Random Kanji Knowledge: Yuugou


Random Kanji Knowledge: Kanji is a complicated means of conveying language. With literally thousands of symbols that have different readings depending on context, the layers of complexity can prove overwhelming. However, beyond the squiggly lines lies sophistication to those patient and diligent enough to learn. Kanji is really cool in this regard.

Random Kanji Knowledge time!

Today’s kanji is 融合, which is read as yuugou (YUU-goh).

融合 is often used in the context of “fusion,” as in a literal unity between multiple things.

融 is a symbol for “dissolving” or “melting.”

合 represents something “fitting in” or “joining (together).”

So in a sense, 融合 represents how things can “combine” and fit together as one.

The stroke order for 融合 is shown below. Continue reading

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Random Kanji Knowledge: Tanjoubi


Random Kanji Knowledge time!

Today’s kanji is 誕生日, which is read as tanjoubi (tanh-joh-bee).

誕生日 means “birthday.”

誕 means “to be born.”

生 is the symbol for “life/birth.”

日 represents “day.”

So put all three symbols together, and you get the context of something like, “the day you were born into life?”

The stroke order for 誕生日 is shown below.
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Pet Peeve: Redirecting Blame


In “League of Legends,” a line I keep uttering to myself constantly is … “Scrubs find scapegoats.” 

What I mean is, bad players always have to find someone/something to blame when they screw up. LoL is a game built upon capitalizing on mistakes, whether how small or large of an impact they may be in the grand scheme of things.

It could be missing an entire wave of minions to last hit as the ADC or whiffing your Smite for the Dragon, but every kind of “error” does affect the end result. The notion of blame, however, appears more significant than anything else.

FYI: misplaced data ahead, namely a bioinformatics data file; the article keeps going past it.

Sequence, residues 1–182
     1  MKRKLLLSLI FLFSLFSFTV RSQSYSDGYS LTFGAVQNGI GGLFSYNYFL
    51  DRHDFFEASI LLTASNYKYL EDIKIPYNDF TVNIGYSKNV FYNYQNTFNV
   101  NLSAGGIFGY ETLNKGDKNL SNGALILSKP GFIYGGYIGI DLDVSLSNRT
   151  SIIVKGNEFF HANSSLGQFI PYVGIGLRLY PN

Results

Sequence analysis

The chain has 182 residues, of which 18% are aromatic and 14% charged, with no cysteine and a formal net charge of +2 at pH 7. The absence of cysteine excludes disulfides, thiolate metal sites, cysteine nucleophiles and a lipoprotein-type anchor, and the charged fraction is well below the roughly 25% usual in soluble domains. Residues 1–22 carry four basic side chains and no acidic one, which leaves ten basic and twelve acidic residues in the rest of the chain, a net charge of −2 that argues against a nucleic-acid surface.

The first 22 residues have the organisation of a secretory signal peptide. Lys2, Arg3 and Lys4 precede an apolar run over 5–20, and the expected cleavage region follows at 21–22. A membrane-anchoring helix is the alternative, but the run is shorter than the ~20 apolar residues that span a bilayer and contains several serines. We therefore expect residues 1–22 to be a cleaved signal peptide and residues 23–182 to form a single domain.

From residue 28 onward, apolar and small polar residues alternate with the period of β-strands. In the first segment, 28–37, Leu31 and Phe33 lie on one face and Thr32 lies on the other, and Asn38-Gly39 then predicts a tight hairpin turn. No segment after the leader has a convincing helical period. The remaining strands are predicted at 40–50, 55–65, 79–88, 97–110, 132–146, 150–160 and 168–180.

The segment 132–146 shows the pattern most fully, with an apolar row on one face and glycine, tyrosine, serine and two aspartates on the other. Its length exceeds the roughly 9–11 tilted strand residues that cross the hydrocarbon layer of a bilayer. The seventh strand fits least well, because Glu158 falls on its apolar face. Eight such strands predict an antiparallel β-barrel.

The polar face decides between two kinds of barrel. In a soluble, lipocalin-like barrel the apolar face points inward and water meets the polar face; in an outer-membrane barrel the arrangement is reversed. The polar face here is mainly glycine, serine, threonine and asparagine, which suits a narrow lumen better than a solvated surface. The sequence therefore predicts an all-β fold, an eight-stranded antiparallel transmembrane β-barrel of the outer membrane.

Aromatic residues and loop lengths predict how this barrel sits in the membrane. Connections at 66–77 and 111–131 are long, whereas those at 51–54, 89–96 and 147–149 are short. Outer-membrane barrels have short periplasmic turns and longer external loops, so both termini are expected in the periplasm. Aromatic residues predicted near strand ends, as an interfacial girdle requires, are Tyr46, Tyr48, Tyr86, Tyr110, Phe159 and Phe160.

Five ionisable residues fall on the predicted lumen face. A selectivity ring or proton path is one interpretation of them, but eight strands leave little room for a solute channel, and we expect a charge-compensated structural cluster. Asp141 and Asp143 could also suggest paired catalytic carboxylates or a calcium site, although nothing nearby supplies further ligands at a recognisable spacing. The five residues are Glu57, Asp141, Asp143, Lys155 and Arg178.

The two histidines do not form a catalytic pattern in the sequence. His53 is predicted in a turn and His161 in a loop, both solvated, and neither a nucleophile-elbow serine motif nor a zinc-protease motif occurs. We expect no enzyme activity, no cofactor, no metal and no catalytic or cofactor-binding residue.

Naturally, people do not like having blame being focused on themselves, so the self-defense mechanism is to try pawning said blame on someone else when possible.
Example Scenario: A teammate of yours is caught by the opposing team in a disadvantageous location. Your allies attempt to help your caught teammate, but a “hopping on a sinking ship” situation occurs and everyone on your team is killed in the process.

Your allies, of course, start getting mad at your ally for going somewhere they should not have been in, but the ally becomes defensive and tries to blame someone else for their mistake.

“Oh, it’s because the support isn’t warding!”

This prompts an argument from the support to say they should not be blamed. A flame war ensues.
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The Play-setter and Playmaker Part 2


What’s Your Type?
My transition from being a play-setter to a playmaker
in “League of Legends” continues. I am certainly learning a lot as I try to improve as a player.

A quick recap of what I mean by the terms:

Play-setter: A player who complements their teammates to make them look better. Play-setters enhance good plays and generally provide support to their allies, plus they are generally overshadowed by playmakers who do the “heavy duty” stuff (i.e. getting kills).